BOOKS

An Iranian witch-hunt

OUT OF IRAN: A WOMAN’S ESCAPE FROM THE AYATOLLAHS By Sousan Azadi, with Angela Ferrante

CY JAMISON September 14 1987
BOOKS

An Iranian witch-hunt

OUT OF IRAN: A WOMAN’S ESCAPE FROM THE AYATOLLAHS By Sousan Azadi, with Angela Ferrante

CY JAMISON September 14 1987

An Iranian witch-hunt

BOOKS

OUT OF IRAN: A WOMAN’S ESCAPE FROM THE AYATOLLAHS By Sousan Azadi, with Angela Ferrante

(Irwin, 327 pages, $21.95)

Featuringoil-rich princes, amorous mullahs and whipping beds, Out of Iran: A Woman ’s Escape from the Ayatollahs reads like a modern-day equivalent of the Thousand and One Nights. But while the mythical Scheherezade narrated the Nights stories to prevent her husband from executing her, Sousan Azadi provides a real-life account of her struggle for emancipation—and survival—in male-dominated Moslem society. Her remarkable story, written with Maclean's Assistant Managing Editor Angela Ferrante, lacks the spellbinding charm of Nights. Still, it provides a unique perspective on the Islamic revolution of the late 1970s.

The daughter of a prominent family, Azadi attended high school in the United States. But she returned to Iran at 18 and married Bijan Amini, a wealthy 39-year-old playboy. She and her husband enjoyed a lavish social life among Tehran’s elite, but soon Azadi realized that her husband wanted only a veneer of Westernization: she could rarely leave the house unaccompanied, and he controlled the wealth. After she was widowed at 22, her infant son, Farhad, inherited property worth millions of dollars. But Azadi’s in-laws waged a ferocious battle for the boy and his inheritance.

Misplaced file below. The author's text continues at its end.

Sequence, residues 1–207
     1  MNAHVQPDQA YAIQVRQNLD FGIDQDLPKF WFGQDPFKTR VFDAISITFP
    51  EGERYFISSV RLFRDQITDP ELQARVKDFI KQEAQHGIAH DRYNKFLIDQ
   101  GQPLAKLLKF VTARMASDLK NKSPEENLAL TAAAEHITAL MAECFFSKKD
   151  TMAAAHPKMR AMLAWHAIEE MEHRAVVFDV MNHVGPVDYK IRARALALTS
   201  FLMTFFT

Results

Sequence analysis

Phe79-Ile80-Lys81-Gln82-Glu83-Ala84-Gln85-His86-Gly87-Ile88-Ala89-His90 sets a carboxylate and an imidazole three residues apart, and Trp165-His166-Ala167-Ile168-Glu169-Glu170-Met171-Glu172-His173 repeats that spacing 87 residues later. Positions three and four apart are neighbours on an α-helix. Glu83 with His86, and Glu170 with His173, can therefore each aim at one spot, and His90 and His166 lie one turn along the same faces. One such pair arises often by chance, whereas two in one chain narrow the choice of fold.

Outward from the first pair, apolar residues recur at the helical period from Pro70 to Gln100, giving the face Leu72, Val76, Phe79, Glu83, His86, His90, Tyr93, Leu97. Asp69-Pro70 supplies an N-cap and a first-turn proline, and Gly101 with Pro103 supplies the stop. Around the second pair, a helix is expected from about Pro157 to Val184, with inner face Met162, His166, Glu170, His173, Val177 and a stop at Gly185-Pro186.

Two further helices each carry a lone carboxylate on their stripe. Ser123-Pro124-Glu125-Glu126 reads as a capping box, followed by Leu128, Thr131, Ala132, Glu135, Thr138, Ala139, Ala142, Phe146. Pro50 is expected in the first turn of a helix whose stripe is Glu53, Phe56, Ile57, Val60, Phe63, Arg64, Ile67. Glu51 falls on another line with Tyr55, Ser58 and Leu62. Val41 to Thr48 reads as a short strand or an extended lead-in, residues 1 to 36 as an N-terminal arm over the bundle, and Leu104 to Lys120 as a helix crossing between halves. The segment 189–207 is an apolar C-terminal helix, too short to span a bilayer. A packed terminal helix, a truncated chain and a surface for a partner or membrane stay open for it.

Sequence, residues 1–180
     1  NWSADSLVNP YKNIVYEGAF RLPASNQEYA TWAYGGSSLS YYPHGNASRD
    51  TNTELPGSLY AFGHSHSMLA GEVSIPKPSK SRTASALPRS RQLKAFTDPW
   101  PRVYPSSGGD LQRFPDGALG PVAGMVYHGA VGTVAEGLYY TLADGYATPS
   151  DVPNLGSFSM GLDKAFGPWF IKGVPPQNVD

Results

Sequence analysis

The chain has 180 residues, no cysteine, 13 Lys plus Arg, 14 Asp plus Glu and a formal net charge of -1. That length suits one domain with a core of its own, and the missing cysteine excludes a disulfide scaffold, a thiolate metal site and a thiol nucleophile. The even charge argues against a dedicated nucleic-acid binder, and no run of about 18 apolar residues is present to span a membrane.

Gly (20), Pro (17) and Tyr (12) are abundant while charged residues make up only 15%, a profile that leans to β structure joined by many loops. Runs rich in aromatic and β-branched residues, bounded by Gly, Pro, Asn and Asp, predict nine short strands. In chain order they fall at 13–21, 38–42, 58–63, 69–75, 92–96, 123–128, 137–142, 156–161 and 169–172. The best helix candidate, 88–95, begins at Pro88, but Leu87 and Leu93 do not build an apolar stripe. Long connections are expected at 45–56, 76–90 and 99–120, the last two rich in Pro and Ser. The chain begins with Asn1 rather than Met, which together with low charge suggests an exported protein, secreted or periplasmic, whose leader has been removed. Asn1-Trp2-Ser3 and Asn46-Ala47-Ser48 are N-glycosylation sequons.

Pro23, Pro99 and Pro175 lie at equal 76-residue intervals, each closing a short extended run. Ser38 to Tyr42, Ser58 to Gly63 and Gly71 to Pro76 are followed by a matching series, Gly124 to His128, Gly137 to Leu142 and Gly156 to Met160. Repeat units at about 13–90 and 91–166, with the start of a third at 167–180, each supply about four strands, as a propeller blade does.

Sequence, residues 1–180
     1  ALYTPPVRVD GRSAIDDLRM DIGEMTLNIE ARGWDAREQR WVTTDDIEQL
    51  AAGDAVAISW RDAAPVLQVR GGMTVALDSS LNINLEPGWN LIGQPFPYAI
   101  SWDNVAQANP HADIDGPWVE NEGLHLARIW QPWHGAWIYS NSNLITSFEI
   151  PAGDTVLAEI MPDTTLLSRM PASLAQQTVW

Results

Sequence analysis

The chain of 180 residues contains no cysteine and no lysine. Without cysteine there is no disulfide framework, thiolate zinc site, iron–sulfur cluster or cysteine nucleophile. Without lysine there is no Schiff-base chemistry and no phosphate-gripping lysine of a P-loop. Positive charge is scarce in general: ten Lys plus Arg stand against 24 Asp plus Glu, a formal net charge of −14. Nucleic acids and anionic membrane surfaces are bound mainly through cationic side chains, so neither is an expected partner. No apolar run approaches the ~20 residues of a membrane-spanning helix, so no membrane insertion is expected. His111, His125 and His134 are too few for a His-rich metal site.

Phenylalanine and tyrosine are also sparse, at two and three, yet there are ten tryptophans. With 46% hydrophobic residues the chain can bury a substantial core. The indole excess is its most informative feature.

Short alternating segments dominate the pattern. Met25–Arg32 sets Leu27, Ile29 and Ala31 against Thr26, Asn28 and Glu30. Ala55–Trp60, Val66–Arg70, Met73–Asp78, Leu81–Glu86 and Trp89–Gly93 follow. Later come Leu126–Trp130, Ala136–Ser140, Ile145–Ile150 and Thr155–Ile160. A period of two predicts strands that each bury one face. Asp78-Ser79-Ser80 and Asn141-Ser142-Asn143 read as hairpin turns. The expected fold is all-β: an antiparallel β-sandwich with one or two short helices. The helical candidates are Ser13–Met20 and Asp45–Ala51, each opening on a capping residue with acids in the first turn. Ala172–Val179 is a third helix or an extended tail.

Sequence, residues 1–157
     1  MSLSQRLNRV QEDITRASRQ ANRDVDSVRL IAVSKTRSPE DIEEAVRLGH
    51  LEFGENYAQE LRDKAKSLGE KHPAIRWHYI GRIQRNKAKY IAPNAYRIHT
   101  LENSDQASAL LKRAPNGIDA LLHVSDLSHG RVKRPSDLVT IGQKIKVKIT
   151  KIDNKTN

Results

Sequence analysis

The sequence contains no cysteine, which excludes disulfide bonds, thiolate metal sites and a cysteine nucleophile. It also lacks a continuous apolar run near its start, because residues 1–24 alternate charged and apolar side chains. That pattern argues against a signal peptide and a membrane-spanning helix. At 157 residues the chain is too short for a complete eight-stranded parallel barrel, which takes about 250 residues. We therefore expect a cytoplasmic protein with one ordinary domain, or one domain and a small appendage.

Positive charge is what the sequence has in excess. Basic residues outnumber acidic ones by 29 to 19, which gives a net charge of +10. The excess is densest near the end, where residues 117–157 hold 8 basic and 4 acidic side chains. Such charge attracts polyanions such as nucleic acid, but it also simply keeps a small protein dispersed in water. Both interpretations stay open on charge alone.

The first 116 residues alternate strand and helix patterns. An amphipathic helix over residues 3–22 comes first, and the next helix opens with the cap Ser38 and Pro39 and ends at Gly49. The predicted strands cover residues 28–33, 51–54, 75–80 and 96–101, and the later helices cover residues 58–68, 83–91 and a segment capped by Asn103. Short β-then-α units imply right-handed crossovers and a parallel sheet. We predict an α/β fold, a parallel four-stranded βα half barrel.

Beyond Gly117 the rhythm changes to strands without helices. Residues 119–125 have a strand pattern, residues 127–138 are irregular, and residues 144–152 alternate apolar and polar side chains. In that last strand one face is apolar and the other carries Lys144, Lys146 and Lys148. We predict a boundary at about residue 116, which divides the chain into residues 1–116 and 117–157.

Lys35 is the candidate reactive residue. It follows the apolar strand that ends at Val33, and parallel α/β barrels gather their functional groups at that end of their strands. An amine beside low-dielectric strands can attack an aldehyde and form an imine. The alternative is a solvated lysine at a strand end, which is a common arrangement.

Khomeini’s rise to power in 1979— and his witch-hunt for Westernized taghouti, or followers of Satanbrought the family conflict to a head. Azadi’s in-laws were instrumental in getting the Komiteh, Khomeini’s police force, to issue a warrant for her arrest. With the help of smugglers and Kurdish tribesman, she and her son escaped on horseback to Turkey. After a stop in Paris, Azadi arrived in Toronto in 1983, where she designs and sells jewelry.

Azadi’s tale occasionally strains credibility. And the writers’ prose sometimes turns to dross. When dialogue is presented, absurdity is never far away: “You should have married a nice little Iranian girl who wants to stay home and make jams for you,” Azadi says at one point. Lacking Scheherezade’s deft touch, the authors strain too hard to keep the reader entranced.

CY JAMISON